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Practice English Speaking&Listening with: 25 ways to SAY NO strongly!

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Hi, everyone.

This lesson is about strong ways to say NO.

Lots of people are scared of that word, of saying no, so they want to know: "How can

I say it politely?

Or how can I not offend someone when I say: 'no'?"

And this lesson is not about that; this lesson is how to say "no" when you really mean it,

because sometimes we do need to say "no".

It's an important word, and we need to say it so that people respect us when we say "no".

So, I've got some different examples of situations where we might say "no", and different examples

of language we can use.

So, the first example here is a situation where somebody asks for your number, and I'm

imagining a situation where you don't want to give your number to that person, they're

hassling you, you're not attracted to them, you don't like them, you definitely don't

want to give them your number - here are some things people say.

First, a very common response is: "Sorry, I've got a boyfriend."

And people might say that because they think: "If I say I've got a boyfriend, then that's

why I can't give you my number.

I would if I could, but I've already got a boyfriend, so that's why I can't give it to you."

But in my opinion, this is not... this is not a strong enough no, so I'm going to cross

that one out.

Whether it's true or not, you've got a boyfriend or you haven't got a boyfriend, if you don't

want to give that person your number, use something a bit stronger and don't worry about

hurting their feelings in this situation, if they're hassling you.

So, you could be more blunt.

"Blunt" is another way of saying more direct.

You can say: "I'm not interested."

Or you could say: "Not gonna happen.

No.

Not gonna happen."

This is...

This is not standard English; this is slang - the way we would actually say it.

We wouldn't say: "Not going to happen", because it's not as...

It's not as fierce, so we shorten it to say: "Not gonna happen."

Or you could say: "Not in a million years."

This is so impossible and so unlikely for you to ask for my number, the only thing I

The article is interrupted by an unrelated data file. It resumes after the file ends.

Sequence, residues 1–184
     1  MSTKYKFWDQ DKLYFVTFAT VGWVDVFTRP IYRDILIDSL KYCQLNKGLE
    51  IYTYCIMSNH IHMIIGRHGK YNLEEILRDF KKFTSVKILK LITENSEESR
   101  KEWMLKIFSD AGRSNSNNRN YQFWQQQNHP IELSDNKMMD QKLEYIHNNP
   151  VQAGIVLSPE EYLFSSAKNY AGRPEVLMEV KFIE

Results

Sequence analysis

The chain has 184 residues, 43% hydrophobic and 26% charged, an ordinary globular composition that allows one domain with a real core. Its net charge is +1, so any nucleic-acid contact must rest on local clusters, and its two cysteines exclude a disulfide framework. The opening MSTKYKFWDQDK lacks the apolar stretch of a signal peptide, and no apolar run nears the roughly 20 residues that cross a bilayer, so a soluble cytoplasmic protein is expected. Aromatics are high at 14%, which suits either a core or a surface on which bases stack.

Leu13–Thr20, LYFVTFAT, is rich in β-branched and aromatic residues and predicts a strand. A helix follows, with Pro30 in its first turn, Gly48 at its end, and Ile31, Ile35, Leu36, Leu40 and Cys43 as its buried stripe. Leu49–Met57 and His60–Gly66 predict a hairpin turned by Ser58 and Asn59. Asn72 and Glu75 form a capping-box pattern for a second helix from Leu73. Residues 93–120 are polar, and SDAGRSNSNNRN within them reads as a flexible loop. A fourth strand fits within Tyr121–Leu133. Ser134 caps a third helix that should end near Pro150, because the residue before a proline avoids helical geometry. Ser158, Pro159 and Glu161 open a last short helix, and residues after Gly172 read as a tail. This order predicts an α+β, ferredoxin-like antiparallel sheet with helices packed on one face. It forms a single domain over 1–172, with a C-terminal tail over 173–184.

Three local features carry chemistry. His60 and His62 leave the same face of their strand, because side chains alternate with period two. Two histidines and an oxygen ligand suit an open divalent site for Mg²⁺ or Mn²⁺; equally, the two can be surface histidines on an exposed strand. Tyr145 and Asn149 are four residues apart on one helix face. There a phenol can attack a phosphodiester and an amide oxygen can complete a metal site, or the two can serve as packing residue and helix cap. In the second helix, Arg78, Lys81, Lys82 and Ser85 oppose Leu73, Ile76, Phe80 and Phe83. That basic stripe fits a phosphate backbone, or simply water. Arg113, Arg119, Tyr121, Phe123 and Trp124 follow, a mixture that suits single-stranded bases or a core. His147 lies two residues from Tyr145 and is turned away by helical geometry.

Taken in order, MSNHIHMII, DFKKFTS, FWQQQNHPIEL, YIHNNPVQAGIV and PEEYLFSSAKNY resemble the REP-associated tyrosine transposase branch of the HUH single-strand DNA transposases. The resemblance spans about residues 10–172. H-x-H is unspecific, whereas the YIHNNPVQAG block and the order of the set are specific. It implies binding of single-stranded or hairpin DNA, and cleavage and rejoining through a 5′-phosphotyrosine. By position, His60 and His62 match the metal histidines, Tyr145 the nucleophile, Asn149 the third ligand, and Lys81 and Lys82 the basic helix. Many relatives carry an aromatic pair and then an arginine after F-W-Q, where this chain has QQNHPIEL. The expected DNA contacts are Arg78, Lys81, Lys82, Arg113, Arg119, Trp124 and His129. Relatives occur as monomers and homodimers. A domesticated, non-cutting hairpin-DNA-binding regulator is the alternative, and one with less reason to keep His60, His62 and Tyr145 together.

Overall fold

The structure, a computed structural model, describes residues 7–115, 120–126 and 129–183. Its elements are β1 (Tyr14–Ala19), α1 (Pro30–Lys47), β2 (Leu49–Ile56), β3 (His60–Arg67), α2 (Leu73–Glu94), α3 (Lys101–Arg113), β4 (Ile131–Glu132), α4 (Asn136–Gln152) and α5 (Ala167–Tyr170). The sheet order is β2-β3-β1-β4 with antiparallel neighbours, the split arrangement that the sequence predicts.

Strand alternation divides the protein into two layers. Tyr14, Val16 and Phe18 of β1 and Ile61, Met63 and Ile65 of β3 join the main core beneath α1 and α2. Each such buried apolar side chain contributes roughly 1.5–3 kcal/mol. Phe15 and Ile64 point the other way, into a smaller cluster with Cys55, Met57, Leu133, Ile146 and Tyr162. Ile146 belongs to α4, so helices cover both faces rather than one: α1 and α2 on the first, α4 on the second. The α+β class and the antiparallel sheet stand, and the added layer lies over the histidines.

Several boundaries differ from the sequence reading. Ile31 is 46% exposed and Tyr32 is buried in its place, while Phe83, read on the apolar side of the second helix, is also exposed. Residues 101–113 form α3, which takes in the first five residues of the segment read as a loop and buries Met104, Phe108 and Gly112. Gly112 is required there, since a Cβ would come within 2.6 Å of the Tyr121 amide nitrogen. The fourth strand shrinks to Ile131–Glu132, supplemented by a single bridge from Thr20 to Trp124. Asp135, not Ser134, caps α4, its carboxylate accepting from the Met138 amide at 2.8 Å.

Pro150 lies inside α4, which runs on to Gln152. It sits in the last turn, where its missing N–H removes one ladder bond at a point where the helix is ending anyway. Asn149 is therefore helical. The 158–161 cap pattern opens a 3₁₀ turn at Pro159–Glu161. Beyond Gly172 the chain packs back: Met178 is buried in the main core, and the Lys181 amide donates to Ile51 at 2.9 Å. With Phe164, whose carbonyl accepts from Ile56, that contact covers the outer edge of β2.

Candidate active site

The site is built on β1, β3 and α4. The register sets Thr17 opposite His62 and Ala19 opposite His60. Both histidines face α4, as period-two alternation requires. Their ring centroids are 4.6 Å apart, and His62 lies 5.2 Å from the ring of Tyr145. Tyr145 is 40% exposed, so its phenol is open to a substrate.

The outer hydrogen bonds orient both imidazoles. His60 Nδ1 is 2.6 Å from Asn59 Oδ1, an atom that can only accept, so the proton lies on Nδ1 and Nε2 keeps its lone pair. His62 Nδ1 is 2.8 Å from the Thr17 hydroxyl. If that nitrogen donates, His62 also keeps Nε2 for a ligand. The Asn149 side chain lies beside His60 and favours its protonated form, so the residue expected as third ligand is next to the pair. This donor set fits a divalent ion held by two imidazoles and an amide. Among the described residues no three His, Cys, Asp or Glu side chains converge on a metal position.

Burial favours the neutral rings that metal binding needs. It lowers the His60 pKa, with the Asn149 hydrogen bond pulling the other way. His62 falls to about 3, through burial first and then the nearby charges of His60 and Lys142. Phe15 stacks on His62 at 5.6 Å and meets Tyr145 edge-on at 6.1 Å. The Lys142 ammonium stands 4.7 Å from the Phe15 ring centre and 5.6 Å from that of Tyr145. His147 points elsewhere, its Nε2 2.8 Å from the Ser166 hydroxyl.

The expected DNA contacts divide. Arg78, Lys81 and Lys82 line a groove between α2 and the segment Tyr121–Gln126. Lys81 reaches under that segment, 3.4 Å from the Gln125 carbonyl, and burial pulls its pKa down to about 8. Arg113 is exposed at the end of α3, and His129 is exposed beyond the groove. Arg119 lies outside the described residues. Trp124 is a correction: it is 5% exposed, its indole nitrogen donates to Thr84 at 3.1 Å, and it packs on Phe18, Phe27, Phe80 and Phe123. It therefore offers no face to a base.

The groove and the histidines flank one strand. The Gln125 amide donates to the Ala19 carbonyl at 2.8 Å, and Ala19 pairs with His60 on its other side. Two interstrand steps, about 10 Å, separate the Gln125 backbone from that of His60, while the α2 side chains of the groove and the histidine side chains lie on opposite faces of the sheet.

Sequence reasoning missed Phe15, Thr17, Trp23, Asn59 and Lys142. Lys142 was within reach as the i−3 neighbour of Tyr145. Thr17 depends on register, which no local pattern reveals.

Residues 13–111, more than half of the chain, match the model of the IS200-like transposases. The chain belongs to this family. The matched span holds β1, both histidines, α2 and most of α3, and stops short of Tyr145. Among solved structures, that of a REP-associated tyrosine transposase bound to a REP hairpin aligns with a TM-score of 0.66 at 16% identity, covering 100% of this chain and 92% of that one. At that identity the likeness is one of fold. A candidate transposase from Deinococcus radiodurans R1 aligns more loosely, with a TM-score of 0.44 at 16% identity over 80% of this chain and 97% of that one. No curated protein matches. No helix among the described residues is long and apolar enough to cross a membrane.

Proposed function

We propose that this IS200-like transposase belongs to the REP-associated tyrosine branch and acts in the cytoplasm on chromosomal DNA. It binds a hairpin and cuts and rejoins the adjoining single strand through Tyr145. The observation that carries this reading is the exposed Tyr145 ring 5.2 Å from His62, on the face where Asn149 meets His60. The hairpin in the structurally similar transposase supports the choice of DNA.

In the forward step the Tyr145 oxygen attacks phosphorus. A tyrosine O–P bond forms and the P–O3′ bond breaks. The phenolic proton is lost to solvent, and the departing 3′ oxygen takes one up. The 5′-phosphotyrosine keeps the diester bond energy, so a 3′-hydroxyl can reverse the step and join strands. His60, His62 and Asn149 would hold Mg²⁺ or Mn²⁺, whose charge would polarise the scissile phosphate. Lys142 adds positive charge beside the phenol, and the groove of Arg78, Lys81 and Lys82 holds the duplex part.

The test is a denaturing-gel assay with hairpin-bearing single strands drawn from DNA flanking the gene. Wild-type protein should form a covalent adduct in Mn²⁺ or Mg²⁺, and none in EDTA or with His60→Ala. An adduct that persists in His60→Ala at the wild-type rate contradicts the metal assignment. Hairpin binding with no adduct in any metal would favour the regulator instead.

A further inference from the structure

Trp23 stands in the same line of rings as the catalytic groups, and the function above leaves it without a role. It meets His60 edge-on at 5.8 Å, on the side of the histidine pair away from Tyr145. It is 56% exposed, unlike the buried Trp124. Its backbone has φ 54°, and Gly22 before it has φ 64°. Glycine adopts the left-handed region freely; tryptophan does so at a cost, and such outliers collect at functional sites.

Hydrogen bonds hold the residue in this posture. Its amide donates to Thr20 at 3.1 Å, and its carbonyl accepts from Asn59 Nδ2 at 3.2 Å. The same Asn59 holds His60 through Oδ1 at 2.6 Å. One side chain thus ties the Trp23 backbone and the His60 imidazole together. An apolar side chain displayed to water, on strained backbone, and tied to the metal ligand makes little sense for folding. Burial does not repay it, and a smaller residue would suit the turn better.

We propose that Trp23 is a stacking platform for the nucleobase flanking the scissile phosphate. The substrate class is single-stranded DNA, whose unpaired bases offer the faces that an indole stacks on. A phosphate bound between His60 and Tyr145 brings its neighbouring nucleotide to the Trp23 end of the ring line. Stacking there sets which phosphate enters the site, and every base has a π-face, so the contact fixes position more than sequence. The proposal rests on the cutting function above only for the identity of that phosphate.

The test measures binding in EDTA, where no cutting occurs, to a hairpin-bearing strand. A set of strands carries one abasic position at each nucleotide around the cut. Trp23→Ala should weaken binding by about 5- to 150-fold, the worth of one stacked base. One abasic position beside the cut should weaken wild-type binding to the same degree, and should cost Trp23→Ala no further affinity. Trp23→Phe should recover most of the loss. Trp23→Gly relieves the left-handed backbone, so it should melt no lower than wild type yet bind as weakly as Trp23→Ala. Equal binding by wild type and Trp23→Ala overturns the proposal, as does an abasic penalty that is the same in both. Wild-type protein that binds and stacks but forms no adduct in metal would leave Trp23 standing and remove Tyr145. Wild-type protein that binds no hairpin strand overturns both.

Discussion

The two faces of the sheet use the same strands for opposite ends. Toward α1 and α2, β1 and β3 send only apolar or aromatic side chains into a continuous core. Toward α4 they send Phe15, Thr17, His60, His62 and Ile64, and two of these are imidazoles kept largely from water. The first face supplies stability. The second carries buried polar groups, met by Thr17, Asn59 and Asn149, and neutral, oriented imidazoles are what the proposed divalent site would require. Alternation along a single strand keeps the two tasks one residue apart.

can say is: "Not in a million years."

You can keep asking me again, and again, and again for a million years, and the answer

is going to be: "No".

You could say: "No chance.

No chance", and that means: You have no chance with me; no chance.

No chance.

If the...

If the person who wants your number is coming on really strong, like they won't go away;

a lot of hassle, you can then say: "How many times do I have to tell you?!"

You're getting more serious, you're saying it more like you mean it now, because you

want this person to leave you alone.

A similar...

A similar kind of strength of "no" for that situation is to say: "What part of 'no' don't

you understand?

I've said 'no' to you already; this is the final straw.

You're really getting on my nerves now.

What part of 'no' don't you understand?"

This makes you...

This is like suggesting the other person is a bit stupid as well.

"Don't you understand 'no'?"

And the last two, imagine if that person is really hassling you: "Leave me alone!" or

"Go away!"

Now, it is a little bit hard in the sense that when we...

When we do get more direct and aggressive, we have to be careful in a sense as well,

because with some people this will...

This will work when you shout at them, like: "Leave me alone!

Go away!"

If you're...

If the way you say it is so strong and there's a lot of power in your words, it can scare

a lot of people off; they go.

But some people react to aggression and the way you...

The way you say things.

So, if you shouted at them: "Leave me alone!" they might be like: "What's your problem?"

or something like that, so you always have to judge in the situation: Is it safe to use

aggression with this person?

It's safe to say: "No", but you have to decide how strong you can be.

Next situation where you want to say: "No" is somebody wants to borrow money from you,

it's a friend, and you don't want to lend money to this person because they asked you

before and they never paid you back.

So, they want to borrow 50 pounds now, or "50 quid" is the slang way to say "pounds"

in London.

"Can I borrow 50 quid?"

And you don't want to give them more because they've already got 50 quid of yours they

didn't pay back last time, so you could say to them: "Are you serious?

I can't believe you're asking me."

"Are you joking?"

You've asked me for something that's so shocking because you already owe me 50 quid.

All I can say is: "Are you joking?

Is this a joke?"

We can also use: "No chance."

We used it before to make that person go away, but this time we're explaining why; we're

adding a sentence.

We're saying: "No chance.

You didn't pay me back last time."

So, really, it's your fault; no chance.

Sorry, not this time.

Then we have: "Not on your nelly!" and "Not on your life!"

This one, you're not really going to ever hear it around; it's a sort of Cockney...

Cockney kind of idiom, so you probably won't ever hear that, but I thought it was good

to include because it means basically the same thing as: "Not on your life!"

And it's also very similar to: "No chance."

It's like saying...

It's really like saying: "This is...

This is your fault, really.

I'm not going to lend it to you because I remember what happened last time."

Okay, now we've got some more examples coming up.